Dennis Johnson helped push the Boston Celtics of the 1980s over the top. Boston had won its first title of the decade in 1981, led by second-year star Larry Bird. For the next two years, the Celtics failed to reach the NBA Finals, getting bounced by the Philadelphia 76ers and the Milwaukee Bucks.
The Celtics had trouble guarding the top guards in the conference. Philadelphia’s Andrew Toney and Milwaukee’s Sidney Moncrief gave Boston fits, so the Celtics swung a deal for Johnson. Johnson helped Boston reach the NBA Finals in his first four seasons with the team.
Dennis Johnson helped spark the Boston Celtics to titles in 1984 and 1986
Johnson was acquired from the Phoenix Suns in 1983 in a deal involving Celtics center Rick Robey. He came with question marks, not for his play but for his attitude. Sports Illustrated reported the Suns let him go because his “attitude didn’t fit into their disciplined system.”
Johnson fit in nicely in Boston. He developed a strong bond with Bird, who later called him the best player he ever played with. It’s quite the compliment for someone who barely got any basketball recognition when in high school. In fact, baseball was better suited for him in his early years.
“I was 5-4 in junior high,” Johnson once told Michael D McClellan of Celtic Nation, “so baseball was a better fit for me at that time. I went out for the basketball team and was cut a couple of times, which really hurt, but I wasn’t going to give up. Never doubted myself, not even when I was sitting the bench in high school and hoping there’d be a blowout so that I could get some garbage minutes.”
With no scholarship offers, Johnson decided to take a job as a forklift operator. He still had his love for basketball and played in a summer league. Johnson also had a serious growth spurt after high school that saw him become a much stronger player at 6-3.
“My brothers were involved in a summer basketball league in San Pedro, and after work, I would catch the bus and play ball with them,” he told McClellan. “One of my brothers coached our team, and three of my brothers played. It was a good period in my life. My game improved tremendously. It helped that I’d grown several inches, and that I’d continued to work out and stay in shape. I was 6-foot-3 and much stronger than I was in high school.”
Johnson was eventually offered a scholarship from Jim White, head coach of Harbor Junior College. He and White clashed, and DJ was kicked off the team three times in two years. Johnson was part of a state JUCO title in 1974 and later transferred to Pepperdine.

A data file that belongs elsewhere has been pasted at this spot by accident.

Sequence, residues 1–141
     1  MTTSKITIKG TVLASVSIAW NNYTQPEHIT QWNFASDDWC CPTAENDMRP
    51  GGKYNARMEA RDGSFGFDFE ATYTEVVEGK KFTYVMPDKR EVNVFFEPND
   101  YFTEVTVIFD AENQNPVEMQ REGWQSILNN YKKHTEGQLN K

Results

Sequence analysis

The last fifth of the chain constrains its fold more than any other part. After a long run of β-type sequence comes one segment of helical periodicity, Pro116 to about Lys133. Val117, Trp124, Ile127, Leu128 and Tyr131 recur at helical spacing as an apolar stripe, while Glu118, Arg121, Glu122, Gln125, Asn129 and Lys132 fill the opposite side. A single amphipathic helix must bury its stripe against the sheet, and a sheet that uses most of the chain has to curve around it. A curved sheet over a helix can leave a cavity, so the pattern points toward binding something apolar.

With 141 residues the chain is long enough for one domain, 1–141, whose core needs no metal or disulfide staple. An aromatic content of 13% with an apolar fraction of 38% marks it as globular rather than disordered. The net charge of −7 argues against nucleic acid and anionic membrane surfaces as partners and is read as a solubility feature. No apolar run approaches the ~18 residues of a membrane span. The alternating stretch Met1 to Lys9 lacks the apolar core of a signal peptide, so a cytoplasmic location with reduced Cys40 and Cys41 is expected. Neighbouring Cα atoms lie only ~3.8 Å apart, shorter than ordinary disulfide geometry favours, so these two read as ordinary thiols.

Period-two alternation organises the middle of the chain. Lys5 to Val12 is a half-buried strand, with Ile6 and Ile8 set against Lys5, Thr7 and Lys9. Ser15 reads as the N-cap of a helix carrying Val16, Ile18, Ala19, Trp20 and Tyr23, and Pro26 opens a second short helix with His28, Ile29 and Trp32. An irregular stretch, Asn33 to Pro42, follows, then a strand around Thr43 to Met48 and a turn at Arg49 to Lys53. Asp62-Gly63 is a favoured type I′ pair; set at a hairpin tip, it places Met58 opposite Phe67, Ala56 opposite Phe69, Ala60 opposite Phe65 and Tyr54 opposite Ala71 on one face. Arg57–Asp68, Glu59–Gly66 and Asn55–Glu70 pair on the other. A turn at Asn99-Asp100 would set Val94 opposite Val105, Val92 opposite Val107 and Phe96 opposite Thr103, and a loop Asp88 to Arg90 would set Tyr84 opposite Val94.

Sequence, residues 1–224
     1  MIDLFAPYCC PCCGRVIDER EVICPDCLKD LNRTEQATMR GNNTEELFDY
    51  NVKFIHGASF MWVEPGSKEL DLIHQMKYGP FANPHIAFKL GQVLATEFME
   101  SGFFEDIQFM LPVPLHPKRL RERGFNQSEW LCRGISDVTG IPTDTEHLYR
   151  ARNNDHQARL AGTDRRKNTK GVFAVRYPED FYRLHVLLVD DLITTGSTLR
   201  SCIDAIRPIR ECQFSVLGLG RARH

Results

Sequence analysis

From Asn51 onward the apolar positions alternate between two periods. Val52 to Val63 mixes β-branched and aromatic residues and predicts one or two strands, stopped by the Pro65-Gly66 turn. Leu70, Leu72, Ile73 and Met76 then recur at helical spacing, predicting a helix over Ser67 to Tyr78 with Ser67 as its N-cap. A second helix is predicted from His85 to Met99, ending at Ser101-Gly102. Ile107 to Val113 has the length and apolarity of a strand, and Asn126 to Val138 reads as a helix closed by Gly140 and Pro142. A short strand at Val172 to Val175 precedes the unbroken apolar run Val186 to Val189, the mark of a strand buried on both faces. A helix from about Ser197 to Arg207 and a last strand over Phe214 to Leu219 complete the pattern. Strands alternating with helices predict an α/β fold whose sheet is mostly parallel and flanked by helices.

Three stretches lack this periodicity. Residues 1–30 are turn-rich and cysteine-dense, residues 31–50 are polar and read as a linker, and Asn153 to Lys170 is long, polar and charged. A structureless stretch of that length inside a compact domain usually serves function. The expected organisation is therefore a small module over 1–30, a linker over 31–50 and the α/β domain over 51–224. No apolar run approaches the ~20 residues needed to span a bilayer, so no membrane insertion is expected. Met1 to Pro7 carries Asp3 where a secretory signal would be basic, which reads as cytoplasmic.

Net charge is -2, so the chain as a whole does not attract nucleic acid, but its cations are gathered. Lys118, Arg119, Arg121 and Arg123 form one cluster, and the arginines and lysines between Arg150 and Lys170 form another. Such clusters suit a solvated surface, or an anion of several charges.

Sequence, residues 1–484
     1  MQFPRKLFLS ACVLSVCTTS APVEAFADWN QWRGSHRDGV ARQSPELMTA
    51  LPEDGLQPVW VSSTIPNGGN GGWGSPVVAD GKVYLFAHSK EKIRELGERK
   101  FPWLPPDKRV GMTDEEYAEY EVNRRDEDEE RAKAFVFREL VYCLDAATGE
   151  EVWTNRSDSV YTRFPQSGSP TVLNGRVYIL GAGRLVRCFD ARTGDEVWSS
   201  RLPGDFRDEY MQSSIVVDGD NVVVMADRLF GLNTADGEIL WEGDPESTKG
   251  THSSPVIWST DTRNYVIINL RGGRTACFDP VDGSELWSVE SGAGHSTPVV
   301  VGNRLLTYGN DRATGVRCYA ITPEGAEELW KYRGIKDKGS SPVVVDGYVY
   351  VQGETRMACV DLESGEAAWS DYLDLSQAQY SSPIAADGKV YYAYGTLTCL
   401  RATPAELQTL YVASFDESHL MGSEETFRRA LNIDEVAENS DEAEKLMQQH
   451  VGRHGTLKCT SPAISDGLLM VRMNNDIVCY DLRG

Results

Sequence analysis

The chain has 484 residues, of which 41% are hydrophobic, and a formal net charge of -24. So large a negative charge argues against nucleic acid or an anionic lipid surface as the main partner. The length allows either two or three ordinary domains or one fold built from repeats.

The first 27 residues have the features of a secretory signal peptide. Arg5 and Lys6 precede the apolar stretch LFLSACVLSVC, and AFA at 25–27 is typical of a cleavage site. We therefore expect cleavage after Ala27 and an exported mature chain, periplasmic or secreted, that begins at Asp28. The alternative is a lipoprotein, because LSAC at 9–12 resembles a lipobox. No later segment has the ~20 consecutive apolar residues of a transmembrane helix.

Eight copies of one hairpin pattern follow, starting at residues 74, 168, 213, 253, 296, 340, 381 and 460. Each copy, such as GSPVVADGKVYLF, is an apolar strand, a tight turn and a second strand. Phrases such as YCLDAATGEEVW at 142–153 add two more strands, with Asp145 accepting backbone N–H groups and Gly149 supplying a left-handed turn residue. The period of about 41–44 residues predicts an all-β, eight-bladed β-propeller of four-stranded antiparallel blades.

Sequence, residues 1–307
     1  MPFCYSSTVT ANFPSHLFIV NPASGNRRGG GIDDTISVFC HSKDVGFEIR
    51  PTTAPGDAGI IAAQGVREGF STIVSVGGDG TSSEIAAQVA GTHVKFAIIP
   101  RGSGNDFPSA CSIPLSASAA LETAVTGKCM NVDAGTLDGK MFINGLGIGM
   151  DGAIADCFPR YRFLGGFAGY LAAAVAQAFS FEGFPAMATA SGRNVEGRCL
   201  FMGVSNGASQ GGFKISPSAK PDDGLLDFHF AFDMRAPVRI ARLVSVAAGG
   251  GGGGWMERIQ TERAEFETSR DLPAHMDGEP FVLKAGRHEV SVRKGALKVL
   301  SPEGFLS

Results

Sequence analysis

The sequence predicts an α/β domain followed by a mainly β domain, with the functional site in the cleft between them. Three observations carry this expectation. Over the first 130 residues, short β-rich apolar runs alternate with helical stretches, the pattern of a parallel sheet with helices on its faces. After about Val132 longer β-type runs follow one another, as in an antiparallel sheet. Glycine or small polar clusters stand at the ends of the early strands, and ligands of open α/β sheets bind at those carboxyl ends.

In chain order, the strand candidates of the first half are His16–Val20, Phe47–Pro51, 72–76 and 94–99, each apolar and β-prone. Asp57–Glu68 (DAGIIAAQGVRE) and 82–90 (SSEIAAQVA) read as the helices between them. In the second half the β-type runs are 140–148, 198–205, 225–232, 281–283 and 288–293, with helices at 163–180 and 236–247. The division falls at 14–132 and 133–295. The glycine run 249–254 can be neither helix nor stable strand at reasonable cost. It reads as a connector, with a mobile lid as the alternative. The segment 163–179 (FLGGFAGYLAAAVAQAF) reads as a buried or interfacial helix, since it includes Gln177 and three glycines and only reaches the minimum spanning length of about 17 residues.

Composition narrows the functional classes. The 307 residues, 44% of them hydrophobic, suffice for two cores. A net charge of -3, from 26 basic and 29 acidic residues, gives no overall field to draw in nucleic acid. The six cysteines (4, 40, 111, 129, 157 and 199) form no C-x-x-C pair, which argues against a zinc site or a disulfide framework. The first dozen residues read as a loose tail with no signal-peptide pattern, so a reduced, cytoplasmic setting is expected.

Johnson’s basketball career nearly ended because of a house fire
DJ played one year at Pepperdine, appearing in 27 games. He averaged 15.7 points and 5.8 rebounds and drew the attention of scouts with his tenacious defense and hard-nosed play. He recalled getting a phone call during the season.
“Sometime during the Christmas season, my mother phoned me with news that our house had burned down,” Johnson told McClellan. “I briefly considered leaving college and finding a job so that I could help them get back on their feet. I discussed my options with Coach (Gary) Colson, and he advised me to stay in school because there was a very real possibility that I’d be drafted. Up until then, I’d never really considered playing professionally.
“Fortunately, my uncle was able to help out with my parents’ situation. He had two houses and offered one of them to us. Nobody likes a handout, but his generosity eased the burden on my family and allowed me to stay in school.”
Johnson, who died in February 2007 at age 52, was drafted by the Seattle SuperSonics in the second round of the 1976 NBA Draft. He played four seasons in Seattle and three in Phoenix before coming to Boston. With the Celtics, he was one of four future Hall of Famers in the starting lineup — along with Bird, Kevin McHale, and Robert Parish — on the 1984 and 1986 championship teams.